The Celestial Equator is the intersection of the celestial sphere and the extended plane of the Equator. Like the Earth’s Equator, it is a circle that divides the celestial globe into a northern and a southern celestial hemisphere.
Image courtesy of Encyclopedia Britannica.
Declination is the angular distance of a body north or south of the celestial Equator. The arc of a circle from the celestial Equator to a point on the celestial sphere measured northward or southward through 90°.
Tag declination N or (+) from the Equator to the north pole, and S or (-) to the south pole.
Declination is the celestial equivalent of latitude since it is the angular distance of a celestial body north or south of the Celestial Equator. The Celestial Equator’s declination is 0° (just as the earth's Equator is latitude 0°), and measures the declination of each star from there, in degrees.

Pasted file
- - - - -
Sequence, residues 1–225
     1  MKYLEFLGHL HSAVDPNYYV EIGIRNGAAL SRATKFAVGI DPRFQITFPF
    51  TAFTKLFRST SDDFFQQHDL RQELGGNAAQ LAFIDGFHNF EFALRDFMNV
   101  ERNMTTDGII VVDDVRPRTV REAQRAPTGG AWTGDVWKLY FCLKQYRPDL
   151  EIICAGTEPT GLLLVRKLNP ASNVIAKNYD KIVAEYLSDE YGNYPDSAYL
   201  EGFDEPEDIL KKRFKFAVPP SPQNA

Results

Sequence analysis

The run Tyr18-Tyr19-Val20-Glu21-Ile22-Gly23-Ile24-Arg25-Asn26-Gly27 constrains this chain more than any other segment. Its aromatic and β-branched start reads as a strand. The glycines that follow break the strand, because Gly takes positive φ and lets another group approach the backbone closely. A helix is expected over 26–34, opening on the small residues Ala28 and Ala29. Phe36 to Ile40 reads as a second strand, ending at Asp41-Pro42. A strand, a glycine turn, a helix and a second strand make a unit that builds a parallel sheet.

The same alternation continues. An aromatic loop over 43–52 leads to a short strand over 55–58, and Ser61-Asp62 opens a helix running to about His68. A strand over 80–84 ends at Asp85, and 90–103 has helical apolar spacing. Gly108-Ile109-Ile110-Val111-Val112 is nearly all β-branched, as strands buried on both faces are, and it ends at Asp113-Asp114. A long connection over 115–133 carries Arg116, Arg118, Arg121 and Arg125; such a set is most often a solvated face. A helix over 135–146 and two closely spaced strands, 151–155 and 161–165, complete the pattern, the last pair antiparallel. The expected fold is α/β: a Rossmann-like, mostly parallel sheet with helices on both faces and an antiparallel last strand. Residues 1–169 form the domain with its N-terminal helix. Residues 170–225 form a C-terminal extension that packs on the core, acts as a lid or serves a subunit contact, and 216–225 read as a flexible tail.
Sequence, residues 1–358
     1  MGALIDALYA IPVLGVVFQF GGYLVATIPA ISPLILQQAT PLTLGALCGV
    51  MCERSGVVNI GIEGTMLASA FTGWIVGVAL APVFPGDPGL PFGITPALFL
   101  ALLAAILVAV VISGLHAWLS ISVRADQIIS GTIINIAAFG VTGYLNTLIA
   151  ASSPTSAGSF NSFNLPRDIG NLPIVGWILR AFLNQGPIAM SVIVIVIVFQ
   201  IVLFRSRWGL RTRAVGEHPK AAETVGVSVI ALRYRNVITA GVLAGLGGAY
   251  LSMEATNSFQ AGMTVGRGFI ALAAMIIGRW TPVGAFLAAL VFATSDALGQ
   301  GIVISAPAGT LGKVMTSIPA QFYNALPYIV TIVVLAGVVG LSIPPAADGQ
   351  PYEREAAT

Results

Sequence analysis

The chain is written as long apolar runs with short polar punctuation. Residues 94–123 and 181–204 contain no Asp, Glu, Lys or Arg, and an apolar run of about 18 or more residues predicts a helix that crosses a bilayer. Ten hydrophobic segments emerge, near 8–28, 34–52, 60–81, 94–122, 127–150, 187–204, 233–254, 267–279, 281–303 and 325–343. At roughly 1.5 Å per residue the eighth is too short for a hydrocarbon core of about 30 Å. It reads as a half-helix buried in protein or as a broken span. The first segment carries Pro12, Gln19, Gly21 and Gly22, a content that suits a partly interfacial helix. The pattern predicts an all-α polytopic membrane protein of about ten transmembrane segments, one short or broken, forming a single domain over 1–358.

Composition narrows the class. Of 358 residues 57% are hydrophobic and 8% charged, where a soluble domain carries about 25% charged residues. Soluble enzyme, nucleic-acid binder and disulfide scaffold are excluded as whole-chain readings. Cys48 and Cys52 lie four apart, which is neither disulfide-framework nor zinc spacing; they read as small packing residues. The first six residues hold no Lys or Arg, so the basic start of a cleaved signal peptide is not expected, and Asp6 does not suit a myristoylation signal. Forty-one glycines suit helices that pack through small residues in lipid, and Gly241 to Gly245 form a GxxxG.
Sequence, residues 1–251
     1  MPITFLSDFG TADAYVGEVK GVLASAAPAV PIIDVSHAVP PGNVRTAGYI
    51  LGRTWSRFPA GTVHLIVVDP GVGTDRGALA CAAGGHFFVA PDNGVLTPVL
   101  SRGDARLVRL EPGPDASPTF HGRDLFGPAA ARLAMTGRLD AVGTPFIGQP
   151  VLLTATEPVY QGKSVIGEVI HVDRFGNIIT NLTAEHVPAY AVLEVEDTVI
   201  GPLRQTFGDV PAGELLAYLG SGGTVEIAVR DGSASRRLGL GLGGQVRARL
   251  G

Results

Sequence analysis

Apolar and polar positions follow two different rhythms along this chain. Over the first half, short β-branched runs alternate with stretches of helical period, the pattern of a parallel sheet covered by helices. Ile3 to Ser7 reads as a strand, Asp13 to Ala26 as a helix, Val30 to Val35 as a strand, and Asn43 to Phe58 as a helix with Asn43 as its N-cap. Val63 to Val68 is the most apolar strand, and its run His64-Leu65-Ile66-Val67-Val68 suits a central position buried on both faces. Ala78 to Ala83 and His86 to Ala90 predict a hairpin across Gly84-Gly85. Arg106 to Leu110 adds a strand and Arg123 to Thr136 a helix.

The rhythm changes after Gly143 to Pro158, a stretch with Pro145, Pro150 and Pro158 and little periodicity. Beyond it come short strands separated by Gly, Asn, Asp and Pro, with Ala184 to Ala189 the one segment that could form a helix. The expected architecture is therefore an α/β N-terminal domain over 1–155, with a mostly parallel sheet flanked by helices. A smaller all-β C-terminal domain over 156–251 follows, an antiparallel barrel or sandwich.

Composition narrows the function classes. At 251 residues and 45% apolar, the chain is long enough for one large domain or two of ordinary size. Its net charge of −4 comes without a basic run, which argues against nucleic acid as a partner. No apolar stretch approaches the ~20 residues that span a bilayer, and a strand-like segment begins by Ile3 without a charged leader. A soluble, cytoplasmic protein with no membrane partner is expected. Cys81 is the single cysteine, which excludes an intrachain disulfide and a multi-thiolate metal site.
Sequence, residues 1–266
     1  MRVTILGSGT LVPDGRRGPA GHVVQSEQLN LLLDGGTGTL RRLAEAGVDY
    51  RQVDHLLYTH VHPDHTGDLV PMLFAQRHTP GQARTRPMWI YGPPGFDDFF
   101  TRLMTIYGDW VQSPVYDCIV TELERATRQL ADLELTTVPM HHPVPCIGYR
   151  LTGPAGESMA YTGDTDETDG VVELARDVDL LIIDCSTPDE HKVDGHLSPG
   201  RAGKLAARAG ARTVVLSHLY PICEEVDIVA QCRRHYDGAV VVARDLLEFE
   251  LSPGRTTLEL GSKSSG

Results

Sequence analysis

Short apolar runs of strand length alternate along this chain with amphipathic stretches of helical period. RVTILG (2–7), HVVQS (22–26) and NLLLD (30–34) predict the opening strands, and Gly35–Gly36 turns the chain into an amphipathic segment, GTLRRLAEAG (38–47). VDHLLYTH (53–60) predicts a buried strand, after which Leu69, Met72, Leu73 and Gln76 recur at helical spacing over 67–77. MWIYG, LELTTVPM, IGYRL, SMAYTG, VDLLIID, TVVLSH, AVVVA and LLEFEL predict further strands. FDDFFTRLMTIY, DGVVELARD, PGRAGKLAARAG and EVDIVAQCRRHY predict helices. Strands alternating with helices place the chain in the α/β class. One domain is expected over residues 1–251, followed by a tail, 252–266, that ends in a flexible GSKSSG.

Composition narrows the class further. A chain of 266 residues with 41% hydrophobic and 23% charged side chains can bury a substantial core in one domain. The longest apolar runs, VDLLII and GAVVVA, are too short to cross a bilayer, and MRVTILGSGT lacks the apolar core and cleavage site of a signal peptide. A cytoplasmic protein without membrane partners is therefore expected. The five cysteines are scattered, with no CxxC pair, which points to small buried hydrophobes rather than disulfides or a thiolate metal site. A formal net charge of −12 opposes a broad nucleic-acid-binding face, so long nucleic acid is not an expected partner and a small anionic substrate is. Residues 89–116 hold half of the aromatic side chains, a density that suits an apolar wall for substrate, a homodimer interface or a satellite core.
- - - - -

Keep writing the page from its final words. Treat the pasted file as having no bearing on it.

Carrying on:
Optimizing Solar Radiation by Calculating the Sun’s Position
Solar radiation intensity fluctuates a lot depending on the sun's location and the inclination of the surface that is receiving the radiation. The radiation received on a surface fluctuates daily. Setting a surface (such as a solar panel) perpendicular to the sun rays allows for maximum radiation. So it’s no surprise that knowing the sun’s position along the day and the year is of paramount importance.
The sun's apparent motion is affected by three main factors:
- Time of year
- Time of day
These factors are in turn affected by Earth’s equinoxes and solstices. In the next section, let’s look at how these work in Earth’s hemispheres. Note that the angles and dates shown are approximate but close enough for the purpose of creating an understanding.
The Sun’s Yearly Path: Equinoxes and Solstices
The ecliptic is the path the sun appears to take among the stars due to the annual revolution of the earth in its orbit.